1959 Rolls-Royce Silver Cloud series II
The Silver Cloud was the core model of the Rolls-Royce range selling from April 1955 to March 1966. It ran in conjunction with the Bentley S-Type as part of a range rationalisation, and was much the same car apart from the radiator grille styles.
Design and development ran over a four year period sparked off by the companies 1950 decision to find a new look for their automobiles. The Silver Dawn was much derived from the pre-war designs and not only looked dated but was being outmoded in it's mechanicals and production methods. Engineers looked at every aspect of the Silver Dawn and J. P. Blatchley's new creation was larger and heavier than the Silver Dawn but looked and behaved every bit as well as the discerning Rolls-Royce customers of the late 1950s and early 1960s had come to expect.
The longer chassis was now a welded box-frame section instead of the open channel chassis of the earlier Silver Dawn and Bentley R Type. Being stiffer it gave the car better handling and ride characteristics, something also enhanced by independent front suspension (although the rear suspension remained by semi-elliptical leaf springing), and, from 1956, the addition of the Marles/Rolls-Royce power-assisted steering system. In an improvement to the servicing times the chassis had a one-shot lubrication system apart from the front suspension, which had nipples fitted for hand-gun lubrication, and the rear leaf springs which where now packed with “moly-lubricant”.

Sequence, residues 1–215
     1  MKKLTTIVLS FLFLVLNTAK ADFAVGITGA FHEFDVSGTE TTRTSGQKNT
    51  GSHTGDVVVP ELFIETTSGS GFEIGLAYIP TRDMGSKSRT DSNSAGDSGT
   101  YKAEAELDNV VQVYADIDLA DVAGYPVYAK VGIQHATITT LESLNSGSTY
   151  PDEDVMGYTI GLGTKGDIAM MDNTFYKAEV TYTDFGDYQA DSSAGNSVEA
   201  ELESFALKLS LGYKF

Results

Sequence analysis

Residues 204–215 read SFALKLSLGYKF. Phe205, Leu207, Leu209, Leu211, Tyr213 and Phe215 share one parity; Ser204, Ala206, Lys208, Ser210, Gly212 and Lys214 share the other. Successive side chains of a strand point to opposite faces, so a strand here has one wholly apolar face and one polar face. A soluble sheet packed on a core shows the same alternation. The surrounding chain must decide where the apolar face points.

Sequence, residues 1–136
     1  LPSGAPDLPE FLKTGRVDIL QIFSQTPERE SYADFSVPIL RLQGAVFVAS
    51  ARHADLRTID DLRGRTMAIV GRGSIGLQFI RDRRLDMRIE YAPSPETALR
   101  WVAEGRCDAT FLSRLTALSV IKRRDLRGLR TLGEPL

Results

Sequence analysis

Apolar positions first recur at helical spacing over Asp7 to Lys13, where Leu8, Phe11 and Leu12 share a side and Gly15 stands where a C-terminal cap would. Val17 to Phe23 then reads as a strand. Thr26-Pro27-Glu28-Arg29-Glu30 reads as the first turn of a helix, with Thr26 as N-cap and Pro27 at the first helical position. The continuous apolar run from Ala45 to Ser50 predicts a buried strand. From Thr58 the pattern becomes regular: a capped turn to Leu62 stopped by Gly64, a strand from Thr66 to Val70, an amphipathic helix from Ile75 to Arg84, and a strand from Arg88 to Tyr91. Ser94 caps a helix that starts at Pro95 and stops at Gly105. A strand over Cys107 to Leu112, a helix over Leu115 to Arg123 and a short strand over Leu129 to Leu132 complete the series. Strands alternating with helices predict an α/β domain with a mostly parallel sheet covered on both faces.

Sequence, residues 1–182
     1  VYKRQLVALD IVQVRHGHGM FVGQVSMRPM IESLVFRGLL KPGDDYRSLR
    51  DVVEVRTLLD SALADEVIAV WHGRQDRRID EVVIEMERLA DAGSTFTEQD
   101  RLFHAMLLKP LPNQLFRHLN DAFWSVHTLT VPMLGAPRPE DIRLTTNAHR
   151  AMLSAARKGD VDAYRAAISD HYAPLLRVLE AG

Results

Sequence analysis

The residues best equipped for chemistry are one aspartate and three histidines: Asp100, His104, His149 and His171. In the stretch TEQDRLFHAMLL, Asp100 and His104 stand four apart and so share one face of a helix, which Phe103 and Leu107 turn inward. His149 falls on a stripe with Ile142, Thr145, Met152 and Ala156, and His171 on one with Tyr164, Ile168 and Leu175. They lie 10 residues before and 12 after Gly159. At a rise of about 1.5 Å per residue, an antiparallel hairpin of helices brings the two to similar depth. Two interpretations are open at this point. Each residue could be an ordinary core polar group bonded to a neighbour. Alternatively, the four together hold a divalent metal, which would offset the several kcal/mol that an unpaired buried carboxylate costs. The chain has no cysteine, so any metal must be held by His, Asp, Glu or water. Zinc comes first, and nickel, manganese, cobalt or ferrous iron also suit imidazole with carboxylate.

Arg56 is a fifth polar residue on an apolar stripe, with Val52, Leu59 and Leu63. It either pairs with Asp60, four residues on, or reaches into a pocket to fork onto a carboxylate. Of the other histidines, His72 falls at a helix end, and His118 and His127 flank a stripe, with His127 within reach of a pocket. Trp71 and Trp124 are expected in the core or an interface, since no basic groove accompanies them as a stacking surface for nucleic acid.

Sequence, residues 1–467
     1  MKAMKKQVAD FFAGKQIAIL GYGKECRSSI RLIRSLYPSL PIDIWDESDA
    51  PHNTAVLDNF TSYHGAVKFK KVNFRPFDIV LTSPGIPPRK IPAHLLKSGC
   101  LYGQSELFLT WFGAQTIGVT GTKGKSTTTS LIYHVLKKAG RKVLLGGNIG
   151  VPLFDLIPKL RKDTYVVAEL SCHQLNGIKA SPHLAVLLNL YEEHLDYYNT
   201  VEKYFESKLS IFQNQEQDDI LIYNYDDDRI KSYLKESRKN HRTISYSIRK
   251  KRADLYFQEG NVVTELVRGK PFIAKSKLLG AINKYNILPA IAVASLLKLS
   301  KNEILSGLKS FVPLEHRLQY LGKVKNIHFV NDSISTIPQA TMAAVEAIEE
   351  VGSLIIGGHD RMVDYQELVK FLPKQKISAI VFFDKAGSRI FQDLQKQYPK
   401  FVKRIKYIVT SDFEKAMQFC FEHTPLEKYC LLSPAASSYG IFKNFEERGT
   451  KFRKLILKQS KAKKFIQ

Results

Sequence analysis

The engine from the Silver Dawn had been bored out to the maximum but an entirely new aluminium cylinder head was designed for the straight six motor which now had six separate inlet and exhaust ports instead of the previous system of sharing four ports between the six cylinders. Full-length cylinder liners were fitted and the new head helped increase engine capacity 4887cc. This, and the twin horizontal S.U. Carburettors, increased the power output to around 157bhp. The first Silver Clouds were only available with a four-speed automatic gearbox which transmitted power to the very reliable, hypoid-bevel rear axle and final drive assembly which was given a new ratio of 3.417:1. This unit was very similar to that of the Silver Dawn but with so many detail modifications that none of the parts from the either unit were interchangeable. The Silver Cloud was available in either left-hand or right-hand drive for the home and foreign markets. As the car was heavier braking was up-rated too. Disc brakes were still in the development stage so the Girling drum brake system was optimised by increasing the lining area in the drums. Hydraulic application was used all round but acted on a mechanical linkage at the rear to retain the classical Rolls-Royce feel to the brakes, it also meant that the braking system was fail-safe. The hydraulics were boosted by a mechanical servo which in turn was boosted by the decision to increase the speed at which the transmission-driven shaft span. In another 1956 improvement twin master cylinders were used, one each for the front and rear brakes. Wheel/Tire size was changed 15 inches by 8.20 inches.